Which Joe gave his name to ‘sloppy joes’? We look at five interesting sandwiches and their lexical origins.
Be extremely difficult (said in reference to obtaining something from someone)‘getting a story out of her is like getting blood out of a stone!’
- ‘A lot of the time it's like getting blood out of a stone, but I know the crowds won't let me down.’
- ‘Of course, getting money out of two characters like these brothers would be like getting blood out of a turnip.’
- ‘Getting the truth out of this Government is like getting blood out of a stone.’
- ‘Getting a reply from my contact was like getting blood from a stone and it caused me quite a lot of grief when trying to organise a work permit.’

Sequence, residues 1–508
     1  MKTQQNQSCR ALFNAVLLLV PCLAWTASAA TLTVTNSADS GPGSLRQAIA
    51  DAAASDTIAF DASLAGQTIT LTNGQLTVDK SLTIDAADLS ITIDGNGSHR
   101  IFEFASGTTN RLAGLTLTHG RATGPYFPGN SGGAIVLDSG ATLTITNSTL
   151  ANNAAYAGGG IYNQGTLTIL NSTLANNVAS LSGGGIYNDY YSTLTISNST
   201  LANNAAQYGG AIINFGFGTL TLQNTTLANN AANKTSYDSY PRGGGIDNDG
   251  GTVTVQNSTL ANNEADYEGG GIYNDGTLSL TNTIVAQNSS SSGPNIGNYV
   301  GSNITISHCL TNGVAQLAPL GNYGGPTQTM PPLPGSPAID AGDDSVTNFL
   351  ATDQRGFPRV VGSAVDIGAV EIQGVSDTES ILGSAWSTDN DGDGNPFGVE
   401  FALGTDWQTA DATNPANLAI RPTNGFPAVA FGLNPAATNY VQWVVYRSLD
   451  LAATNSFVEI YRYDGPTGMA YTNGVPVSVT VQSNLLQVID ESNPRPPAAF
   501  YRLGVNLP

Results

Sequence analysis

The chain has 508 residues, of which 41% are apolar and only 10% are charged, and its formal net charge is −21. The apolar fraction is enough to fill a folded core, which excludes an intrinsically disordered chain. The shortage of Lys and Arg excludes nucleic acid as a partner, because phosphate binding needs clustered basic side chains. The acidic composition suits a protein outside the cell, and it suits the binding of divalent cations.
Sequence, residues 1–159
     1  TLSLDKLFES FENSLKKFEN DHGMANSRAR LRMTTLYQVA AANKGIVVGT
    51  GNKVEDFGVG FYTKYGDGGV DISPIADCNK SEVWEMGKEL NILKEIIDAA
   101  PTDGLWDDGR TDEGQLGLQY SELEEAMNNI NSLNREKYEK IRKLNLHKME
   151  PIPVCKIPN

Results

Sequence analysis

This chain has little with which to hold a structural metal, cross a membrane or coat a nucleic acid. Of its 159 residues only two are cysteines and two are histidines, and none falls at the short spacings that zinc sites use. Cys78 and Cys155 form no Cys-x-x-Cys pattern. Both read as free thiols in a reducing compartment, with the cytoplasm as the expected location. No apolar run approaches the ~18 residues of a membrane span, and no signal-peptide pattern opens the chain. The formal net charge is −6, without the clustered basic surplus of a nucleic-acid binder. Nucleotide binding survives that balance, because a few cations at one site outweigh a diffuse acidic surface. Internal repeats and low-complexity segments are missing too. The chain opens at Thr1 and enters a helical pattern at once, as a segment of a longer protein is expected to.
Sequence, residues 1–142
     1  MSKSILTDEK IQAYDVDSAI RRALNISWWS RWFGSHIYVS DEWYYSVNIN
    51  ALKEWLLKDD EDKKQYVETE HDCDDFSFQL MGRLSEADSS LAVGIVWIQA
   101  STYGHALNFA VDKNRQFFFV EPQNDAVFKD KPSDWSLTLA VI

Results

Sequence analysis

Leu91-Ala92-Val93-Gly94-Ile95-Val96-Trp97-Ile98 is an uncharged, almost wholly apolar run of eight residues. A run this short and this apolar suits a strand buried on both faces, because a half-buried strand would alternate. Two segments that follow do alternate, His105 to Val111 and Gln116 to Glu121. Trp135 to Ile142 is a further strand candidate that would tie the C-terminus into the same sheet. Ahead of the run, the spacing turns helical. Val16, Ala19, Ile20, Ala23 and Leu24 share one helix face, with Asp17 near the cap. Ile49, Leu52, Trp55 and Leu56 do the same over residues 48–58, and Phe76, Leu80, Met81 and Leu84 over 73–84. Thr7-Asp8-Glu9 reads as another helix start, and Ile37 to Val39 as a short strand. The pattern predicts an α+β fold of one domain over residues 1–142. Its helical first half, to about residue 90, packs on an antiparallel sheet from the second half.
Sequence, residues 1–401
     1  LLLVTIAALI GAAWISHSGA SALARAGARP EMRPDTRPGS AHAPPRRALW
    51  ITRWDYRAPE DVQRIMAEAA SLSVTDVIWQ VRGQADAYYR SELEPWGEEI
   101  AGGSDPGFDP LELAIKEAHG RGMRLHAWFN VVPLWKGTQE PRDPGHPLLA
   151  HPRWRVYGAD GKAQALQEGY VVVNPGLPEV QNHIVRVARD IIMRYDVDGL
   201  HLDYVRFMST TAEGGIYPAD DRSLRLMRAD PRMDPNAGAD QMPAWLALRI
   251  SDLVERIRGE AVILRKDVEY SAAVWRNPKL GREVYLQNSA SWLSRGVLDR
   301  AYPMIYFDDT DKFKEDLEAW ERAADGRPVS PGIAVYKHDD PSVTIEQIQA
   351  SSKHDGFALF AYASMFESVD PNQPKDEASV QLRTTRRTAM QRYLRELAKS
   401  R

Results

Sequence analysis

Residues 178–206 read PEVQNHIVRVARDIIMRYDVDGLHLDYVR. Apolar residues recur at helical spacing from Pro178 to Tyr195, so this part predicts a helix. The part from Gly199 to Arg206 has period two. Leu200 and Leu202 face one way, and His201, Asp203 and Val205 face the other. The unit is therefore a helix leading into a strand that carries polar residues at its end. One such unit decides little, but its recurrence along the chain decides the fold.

- ‘Besides getting money out of me would be like getting blood out of turnip, it isn't gonna happen so don't even try to sue me.’
- ‘His idea seems to be that I shall do the writing and he shall do the reading and it is like getting blood out of a stone to get him to do the necessary translating for me.’
- ‘And the progress made in the last few weeks has been like getting blood out of a stone.’
- ‘It was like getting blood out of a stone to get any enthusiasm out of him.’
We take a look at several popular, though confusing, punctuation marks.
From Afghanistan to Zimbabwe, discover surprising and intriguing language facts from around the globe.
The definitions of ‘buddy’ and ‘bro’ in the OED have recently been revised. We explore their history and increase in popularity.